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What Is Porn?

by Carl Thomas on August 1st, 2016 in Men, Women, Students

xxxchurch - What Is Porn-My wife is a HUGE fan of the show Friends. She owns the DVDs, watches the reruns on TV when there’s nothing else to watch, and jumped up and down when the show recently became available to stream on Netflix. Admittedly, over the years I’ve even developed an appreciation for the show myself. I think it’s the rampant sarcasm that gets me.

Anyway, one of my favorite episodes is one where Monica catches Chandler (her husband) watching what she calls “shark porn.” In case you’ve never seen that episode, here’s a quick breakdown:

Chandler is away from home travelling, so to “unwind” he rents some hotel porn. Meanwhile, Monica decides to surprise him at the hotel, getting to Chandler’s room and opening the door at the very moment when Chandler is wrist-deep into his pants.

Chandler hears the door start to open and quickly changes the channel to some nature show about sharks, but he unfortunately can’t extricate himself from his pants quickly enough. Monica surveys the scene and determines her husband is masturbating to “shark porn.” The rest of this very funny episode centers on Monica’s intervention with Chandler about his “shark porn” problem.

Why am I talking about this? Well, it’s not to get you watching Friends or even because the idea of shark porn is so funny (although it is). I think this episode actually brings up a good question:

What exactly is porn? 

After all, we have hardcore porn, softcore porn, racial porn, gay porn, straight porn, even food porn. There are practically more categories for porn than there are episodes of Friends. So what is it?

I can’t tell you how many times we at XXXchurch have heard this question. It often comes up in our X3groups:

Is [X] porn?
What about [Y]? Is that porn?
If it’s not porn, then is it okay to watch?
And on and on.

We love to put labels on things and classify everything by a type or genre. Unfortunately, it’s not that simple with porn.

Porn isn’t so easily defined.
There is no checklist.

So, here is what I would offer as a practical definition for porn.

Porn is anything you use (watch, read, hear, or imagine) that’s used to elicit sexual arousal outside of your spouse.

In other words, if something gets you excited, then that thing is porn for you. 

So, movies can be porn even if they aren’t rated XXX.

TV shows can be porn even if they are on regular cable channels.

Magazines can be porn even if you don’t have to unwrap them or stand on your tippy-toes to get them off the top rack.

Books can be porn, even if they are called “romance novels.” (Does that ring a bell, ladies?)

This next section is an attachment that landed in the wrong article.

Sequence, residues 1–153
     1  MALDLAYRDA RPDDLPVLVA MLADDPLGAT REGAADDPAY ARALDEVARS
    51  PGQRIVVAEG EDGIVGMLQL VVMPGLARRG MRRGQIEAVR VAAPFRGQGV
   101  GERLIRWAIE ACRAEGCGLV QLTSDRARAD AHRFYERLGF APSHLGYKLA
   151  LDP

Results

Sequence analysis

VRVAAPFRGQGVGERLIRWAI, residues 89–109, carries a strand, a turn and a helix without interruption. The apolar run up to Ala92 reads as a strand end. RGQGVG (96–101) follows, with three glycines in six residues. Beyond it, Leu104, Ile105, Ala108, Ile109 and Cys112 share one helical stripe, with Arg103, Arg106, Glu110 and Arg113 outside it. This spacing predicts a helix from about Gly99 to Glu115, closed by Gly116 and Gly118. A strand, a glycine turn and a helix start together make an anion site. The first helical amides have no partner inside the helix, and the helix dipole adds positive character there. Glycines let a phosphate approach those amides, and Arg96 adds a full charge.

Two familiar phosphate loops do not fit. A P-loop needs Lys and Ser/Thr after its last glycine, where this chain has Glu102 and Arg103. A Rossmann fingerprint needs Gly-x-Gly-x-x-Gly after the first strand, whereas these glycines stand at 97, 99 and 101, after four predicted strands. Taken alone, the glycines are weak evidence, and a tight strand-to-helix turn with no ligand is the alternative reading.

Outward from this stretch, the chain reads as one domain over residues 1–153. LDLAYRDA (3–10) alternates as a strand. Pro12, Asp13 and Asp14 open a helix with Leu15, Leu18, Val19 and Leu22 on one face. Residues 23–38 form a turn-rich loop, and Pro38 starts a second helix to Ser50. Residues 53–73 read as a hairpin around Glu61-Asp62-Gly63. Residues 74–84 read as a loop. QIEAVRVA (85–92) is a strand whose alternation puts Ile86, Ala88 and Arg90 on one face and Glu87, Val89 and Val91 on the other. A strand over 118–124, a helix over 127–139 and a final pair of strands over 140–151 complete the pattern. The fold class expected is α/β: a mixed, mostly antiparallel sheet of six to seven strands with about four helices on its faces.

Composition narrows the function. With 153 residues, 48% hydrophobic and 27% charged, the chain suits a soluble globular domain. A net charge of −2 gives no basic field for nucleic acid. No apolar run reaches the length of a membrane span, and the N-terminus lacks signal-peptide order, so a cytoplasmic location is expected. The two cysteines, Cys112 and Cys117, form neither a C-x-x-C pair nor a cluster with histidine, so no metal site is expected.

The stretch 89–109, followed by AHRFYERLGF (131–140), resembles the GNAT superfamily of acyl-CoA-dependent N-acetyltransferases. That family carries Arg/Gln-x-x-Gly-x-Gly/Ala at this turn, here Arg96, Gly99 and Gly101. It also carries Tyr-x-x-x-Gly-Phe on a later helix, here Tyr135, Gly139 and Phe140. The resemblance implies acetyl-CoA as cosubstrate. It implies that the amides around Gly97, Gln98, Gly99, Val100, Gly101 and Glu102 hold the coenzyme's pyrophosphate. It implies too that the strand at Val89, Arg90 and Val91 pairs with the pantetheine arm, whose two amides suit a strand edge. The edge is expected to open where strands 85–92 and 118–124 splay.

Talk radio can be porn even if it’s not on the Playboy channel.

Social media can serve as porn for many.

Your imagination can even be porn.

Now, I don’t say this because I’m trying to label everything as porn or because I want you to go out and sanitize your life of all “worldly influences.” I don’t want you to cancel your cable, delete your Facebook account (although that might not hurt for some people), and throw out your satellite radios. That’s not my point.

I bring this up because there is a better question than “What is porn?” That question is: “What is porn for me?” 

This is the question we need to be asking ourselves.

If you struggle with porn, sex, masturbation, or whatever – take your pick – and you need to ask yourself whether something is porn or not, then there’s a good chance it’s porn for you.

I struggled with porn for many years, and in those days there was a lot that served as “porn” for me that wouldn’t be porn for other people. There were many things that could trigger my desire to go, well, you know.

Thankfully, my boundaries don’t need to be as strict these days. I can watch a movie and not be triggered to act out by a sexy scene. That doesn’t mean I might not look away (and I often do), but that’s a choice, not a necessity.

Stop trying to classify everything.
Stop labeling in an attempt to have super-defined boundaries.

Life isn’t like that. More often than not, we live in the gray, not the black and white, and our struggles are not all the same.

So next time you stumble upon something that stirs those lower regions ask yourself, “Is this porn for me?” Examine your heart, your mind, and your motives, and if the answer is “yes” then shut it off. Even if it’s shark porn.

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